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Originally conceived for Kurt Masur and the New York Philharmonic in 1999 as a new millennium piece, this outlandishly scaled, exuberantly eclectic, 106-minute monster work for chorus, symphony orchestra, and jazz big band soon became known as a symbol of something completely different. Just two days prior to a scheduled performance by Marsalis, the Lincoln Center Jazz Orchestra, Esa-Pekka Salonen, and the Los Angeles Philharmonic at the Hollywood Bowl in 2001, the terrorists of September 11 struck — and the performance (and subsequent recording with these forces) became a memorial, almost a catharsis, to a terrifying event. Yet "All Rise" would have been a special work in Marsalis' output even without the historical context. Though not quite as lengthy as "Blood on the Fields," "All Rise" nevertheless is the most ambitious thing that Marsalis had written up to this time, a piece that brazenly tries to embrace the whole world (to cite Gustav Mahler's definition of a symphony) and succeeds better than one thought it might. It is also the most fascinating and enjoyable of Marsalis' concert pieces, where the listener shares the composer's delight in opening himself up to new sonic experiences that his highly debatable pronouncements on jazz have long ignored. Cast in 12 movements, the piece is supposed to have been built upon the example of the humble 12-bar blues, but actually, as in other Marsalis concert pieces like "Fields" and "Big Train," the primary driving force is Duke Ellington — and, to some extent, Charles Mingus. Yet Wynton also throws his classical experiences into the mix, including neo-classical Stravinsky and neo-Baroque brass. He even attempts a string fugue in "Movement 4"; it's stillborn, running in place, but you end up admiring his moxie and his deflating wit in the movement's subtext ("We discover we can do wonderful things, get the big head, and get lost in a labyrinth of our own magnificence"). He mines Cuban and Argentinean rhythms, he includes gospel strains, and he doesn't forget to include stretches of the straightforward neo-bop style that brought him to the world's attention in the first place. He is also very generous with the solos, handing them out to his colleagues in the LCJO while taking one extended coruscating turn himself in "Movement 5." Ultimately, the resonances between this work and September 11 are uncanny. In "Movement 5," following a sequence of war-like drumming, the chorus screams and sings the words, "Save us, O Lord" — which hit painfully close to home to the Bowl audience. And in the end, the sudden coda — played in Marsalis' most joyous Dixieland manner — was a release, like the close of a wake. Even if you have resisted Marsalis' more pretentious concert music in the past, this two-CD set may well make you a believer. ~ Richard S. Ginell, Rovi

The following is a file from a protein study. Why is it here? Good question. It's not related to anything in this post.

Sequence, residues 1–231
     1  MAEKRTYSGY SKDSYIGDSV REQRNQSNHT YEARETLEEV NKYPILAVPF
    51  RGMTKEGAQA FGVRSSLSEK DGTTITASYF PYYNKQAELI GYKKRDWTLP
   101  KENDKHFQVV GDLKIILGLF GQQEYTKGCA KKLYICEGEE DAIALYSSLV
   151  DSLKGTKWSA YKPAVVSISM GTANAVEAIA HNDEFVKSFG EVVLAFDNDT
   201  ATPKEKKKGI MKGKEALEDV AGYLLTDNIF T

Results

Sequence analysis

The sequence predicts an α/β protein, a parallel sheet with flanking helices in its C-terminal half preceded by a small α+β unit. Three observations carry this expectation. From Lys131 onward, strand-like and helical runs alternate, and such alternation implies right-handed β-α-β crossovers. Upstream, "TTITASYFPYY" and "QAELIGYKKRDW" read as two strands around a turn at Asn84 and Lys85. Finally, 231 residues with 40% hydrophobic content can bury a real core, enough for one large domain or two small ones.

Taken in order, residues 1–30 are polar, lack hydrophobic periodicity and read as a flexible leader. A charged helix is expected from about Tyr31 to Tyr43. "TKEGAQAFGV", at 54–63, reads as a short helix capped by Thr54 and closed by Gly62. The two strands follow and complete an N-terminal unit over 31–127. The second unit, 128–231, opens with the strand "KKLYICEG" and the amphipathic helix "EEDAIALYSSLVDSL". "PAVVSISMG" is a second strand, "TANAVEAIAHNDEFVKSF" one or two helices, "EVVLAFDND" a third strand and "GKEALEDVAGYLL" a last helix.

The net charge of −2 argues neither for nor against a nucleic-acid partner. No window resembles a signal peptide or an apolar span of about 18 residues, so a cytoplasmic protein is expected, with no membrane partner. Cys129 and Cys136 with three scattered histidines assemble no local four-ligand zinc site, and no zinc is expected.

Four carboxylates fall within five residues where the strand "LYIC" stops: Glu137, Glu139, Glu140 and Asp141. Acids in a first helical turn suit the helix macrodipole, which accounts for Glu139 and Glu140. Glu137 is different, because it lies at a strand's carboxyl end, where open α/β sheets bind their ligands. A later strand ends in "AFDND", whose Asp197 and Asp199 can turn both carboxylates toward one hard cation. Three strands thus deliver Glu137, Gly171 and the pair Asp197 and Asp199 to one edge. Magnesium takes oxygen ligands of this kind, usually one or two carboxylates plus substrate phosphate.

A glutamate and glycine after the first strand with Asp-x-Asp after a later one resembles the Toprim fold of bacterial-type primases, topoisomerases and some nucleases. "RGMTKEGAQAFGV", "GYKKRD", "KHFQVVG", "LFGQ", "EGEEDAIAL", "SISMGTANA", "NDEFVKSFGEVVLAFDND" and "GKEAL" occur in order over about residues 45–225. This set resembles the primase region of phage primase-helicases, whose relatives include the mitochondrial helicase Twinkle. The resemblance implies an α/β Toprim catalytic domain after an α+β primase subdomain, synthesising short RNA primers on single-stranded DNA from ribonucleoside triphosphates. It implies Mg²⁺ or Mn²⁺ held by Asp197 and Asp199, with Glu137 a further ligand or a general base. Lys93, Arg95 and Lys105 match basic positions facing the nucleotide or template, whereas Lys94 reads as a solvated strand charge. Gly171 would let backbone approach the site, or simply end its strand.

Né(e) : 18 octobre 1961 à New Orleans, LA

Genre : Jazz

Années d’activité : '80s, '90s, '00s, '10s

The most famous jazz musician since 1980, Wynton Marsalis had a major impact on jazz almost from the start. In the early '80s, it was major news that a young and very talented black musician would choose to make a living playing acoustic jazz rather than fusion, funk, or R&B. Marsalis' arrival on the scene started the "Young Lions" movement and resulted in major labels (most of whom had shown no interest in jazz during the previous decade) suddenly signing and promoting young players. There had...
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Classement albums et morceaux de : Wynton Marsalis